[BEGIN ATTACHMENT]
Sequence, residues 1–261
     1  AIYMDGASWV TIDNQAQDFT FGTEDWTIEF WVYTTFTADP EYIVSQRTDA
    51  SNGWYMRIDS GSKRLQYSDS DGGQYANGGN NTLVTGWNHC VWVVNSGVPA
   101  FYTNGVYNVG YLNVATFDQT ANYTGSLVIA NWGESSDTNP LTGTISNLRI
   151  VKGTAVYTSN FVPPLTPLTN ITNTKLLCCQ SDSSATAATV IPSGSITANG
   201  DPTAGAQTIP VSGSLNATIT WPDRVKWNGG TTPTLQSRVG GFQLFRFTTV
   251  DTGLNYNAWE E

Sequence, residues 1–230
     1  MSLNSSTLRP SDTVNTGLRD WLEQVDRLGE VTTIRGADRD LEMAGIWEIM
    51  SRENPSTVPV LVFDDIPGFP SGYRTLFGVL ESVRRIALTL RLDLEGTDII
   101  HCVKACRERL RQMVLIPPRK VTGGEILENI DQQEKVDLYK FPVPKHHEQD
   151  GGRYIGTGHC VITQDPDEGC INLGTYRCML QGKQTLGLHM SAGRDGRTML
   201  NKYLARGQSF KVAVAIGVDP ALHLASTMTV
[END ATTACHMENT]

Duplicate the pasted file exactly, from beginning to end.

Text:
Sequence, residues 1–261
     1  AIYMDGASWV TIDNQAQDFT FGTEDWTIEF WVYTTFTADP EYIVSQRTDA
    51  SNGWYMRIDS GSKRLQYSDS DGGQYANGGN NTLVTGWNHC VWVVNSGVPA
   101  FYTNGVYNVG YLNVATFDQT ANYTGSLVIA NWGESSDTNP LTGTISNLRI
   151  VKGTAVYTSN FVPPLTPLTN ITNTKLLCCQ SDSSATAATV IPSGSITANG
   201  DPTAGAQTIP VSGSLNATIT WPDRVKWNGG TTPTLQSRVG GFQLFRFTTV
   251  DTGLNYNAWE E

Sequence, residues 1–230
     1  MSLNSSTLRP SDTVNTGLRD WLEQVDRLGE VTTIRGADRD LEMAGIWEIM
    51  SRENPSTVPV LVFDDIPGFP SGYRTLFGVL ESVRRIALTL RLDLEGTDII
   101  HCVKACRERL RQMVLIPPRK VTGGEILENI DQQEKVDLYK FPVPKHHEQD
   151  GGRYIGTGHC VITQDPDEGC INLGTYRCML QGKQTLGLHM SAGRDGRTML
   201  NKYLARGQSF KVAVAIGVDP ALHLASTMTV